The reactor is designed to be intrinsically safe in a wide range of environments and scenarios. Several feedback mechanisms are employed to mitigate a nuclear meltdown. The primary method is passive cooling, which requires no mechanical mechanisms to circulate coolant. The reactor design is self-regulating, through design geometry that creates a negative temperature reactivity coefficient.
A test reactor has been constructed, called KRUSTY or Kilopower Reactor Using Stirling Technology. It is designed to produce up to 1 kilowatt of electric power and is about 6.5 feet tall (1.9 meters). The goal of the KRUSTY experiment is to closely match the operational parameters that would be required in NASA deep space missions. The prototype Kilopower uses a solid, cast uranium-235 reactor core, about the size of a paper towel roll. Reactor heat is transferred via passive sodium heat pipes, with the heat being converted to electricity by Stirling engines. Testing to gain TRL 5 started in November 2017 and continued into 2018. The first tests used a depleted uranium core manufactured by Y-12 National Security Complex in Tennessee. The depleted uranium core is exactly the same material as the regular high-enriched uranium (HEU) core with the only difference being the level of uranium enrichment. The testing of KRUSTY represents the first time the United States has conducted ground tests on any space reactor since the SNAP-10A experimental reactor was tested and eventually flown in 1965.
During November 2017 through March 2018, testing of KRUSTY was conducted at Nevada National Security Site. The tests included thermal, materials, and component validation, and culminated in a successful fission trial at full-power. Various faults in the supporting equipment were simulated to ensure the reactor could respond safely.
The KRUSTY reactor was run at full power on March 20, 2018 during a 28-hour test using a uranium-235 reactor core. A temperature of 850 °C (1,560 °F) was achieved, producing about 28 kg of fission power. The test evaluated failure scenarios including shutting down the Stirling engines, adjusting the control rod, thermal cycling, and disabling the heat-removal system. A 5.5 kWScram test concluded the experiment. The test was considered to be a highly successful demonstration.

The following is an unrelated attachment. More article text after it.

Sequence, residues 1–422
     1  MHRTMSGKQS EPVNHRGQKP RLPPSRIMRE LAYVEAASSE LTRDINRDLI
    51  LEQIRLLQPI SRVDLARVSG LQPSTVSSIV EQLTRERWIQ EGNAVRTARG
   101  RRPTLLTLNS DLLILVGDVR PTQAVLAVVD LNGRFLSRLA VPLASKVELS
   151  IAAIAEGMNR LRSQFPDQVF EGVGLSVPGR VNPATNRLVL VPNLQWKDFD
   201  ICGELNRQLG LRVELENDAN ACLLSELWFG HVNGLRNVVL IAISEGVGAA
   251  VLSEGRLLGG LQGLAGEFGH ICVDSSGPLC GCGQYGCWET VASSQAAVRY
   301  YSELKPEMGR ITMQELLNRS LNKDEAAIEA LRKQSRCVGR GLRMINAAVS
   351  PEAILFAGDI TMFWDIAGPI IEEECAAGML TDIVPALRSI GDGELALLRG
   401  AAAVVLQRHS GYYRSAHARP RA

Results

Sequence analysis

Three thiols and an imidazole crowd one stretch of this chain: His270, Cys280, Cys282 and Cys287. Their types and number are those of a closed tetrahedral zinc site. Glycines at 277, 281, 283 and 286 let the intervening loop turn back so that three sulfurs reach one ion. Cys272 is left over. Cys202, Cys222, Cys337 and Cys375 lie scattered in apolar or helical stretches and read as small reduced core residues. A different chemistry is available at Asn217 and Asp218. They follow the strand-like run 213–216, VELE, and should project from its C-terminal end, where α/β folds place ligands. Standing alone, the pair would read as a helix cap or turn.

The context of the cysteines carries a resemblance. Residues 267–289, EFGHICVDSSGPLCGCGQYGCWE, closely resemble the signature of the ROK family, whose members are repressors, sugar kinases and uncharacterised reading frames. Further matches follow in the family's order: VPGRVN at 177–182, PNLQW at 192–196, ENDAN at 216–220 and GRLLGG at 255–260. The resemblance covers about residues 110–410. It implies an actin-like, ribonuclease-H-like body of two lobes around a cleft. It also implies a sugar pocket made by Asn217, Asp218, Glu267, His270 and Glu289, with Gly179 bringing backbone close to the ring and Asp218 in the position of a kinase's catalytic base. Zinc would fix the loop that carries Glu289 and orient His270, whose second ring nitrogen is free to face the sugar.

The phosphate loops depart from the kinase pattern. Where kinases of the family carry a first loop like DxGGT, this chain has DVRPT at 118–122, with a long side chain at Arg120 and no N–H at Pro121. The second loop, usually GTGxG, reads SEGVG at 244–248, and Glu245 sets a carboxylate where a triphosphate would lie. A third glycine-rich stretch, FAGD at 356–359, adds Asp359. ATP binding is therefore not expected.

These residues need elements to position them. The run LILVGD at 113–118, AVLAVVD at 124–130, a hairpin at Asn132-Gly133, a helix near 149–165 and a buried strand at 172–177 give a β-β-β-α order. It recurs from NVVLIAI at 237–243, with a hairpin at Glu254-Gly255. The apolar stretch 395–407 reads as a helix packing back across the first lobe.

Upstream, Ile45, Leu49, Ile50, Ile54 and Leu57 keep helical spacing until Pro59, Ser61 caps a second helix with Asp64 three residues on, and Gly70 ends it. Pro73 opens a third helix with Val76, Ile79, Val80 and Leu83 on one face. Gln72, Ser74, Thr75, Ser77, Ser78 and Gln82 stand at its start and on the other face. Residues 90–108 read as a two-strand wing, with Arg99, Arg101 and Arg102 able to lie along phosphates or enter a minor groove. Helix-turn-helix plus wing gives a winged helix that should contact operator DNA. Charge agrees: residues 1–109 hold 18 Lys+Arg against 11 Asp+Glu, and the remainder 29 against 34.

Demonstration using Flattop fissions
The development of Kilopower also included an experiment called DUFF or Demonstration Using Flattop Fissions experiment, which was tested in September 2012 using the existing Flattop assembly as a nuclear heat source. When DUFF was tested at the Device Assembly Facility at the Nevada Test Site, it became the first Stirling engine powered by fission energy and the first use of a heat pipe to transport heat from a reactor to a power conversion system. According to David Poston, the leader of the Compact Fission Reactor Design Team, and Patrick McClure, the manager for small nuclear reactor projects at Los Alamos National Laboratory, the DUFF experiment showed that "for low-power reactor systems, nuclear testing can be accomplished with reasonable cost and schedule within the existing infrastructure and regulatory environment".
The depleted uranium core, manufactured at Y-12 for the KRUSTY experiment.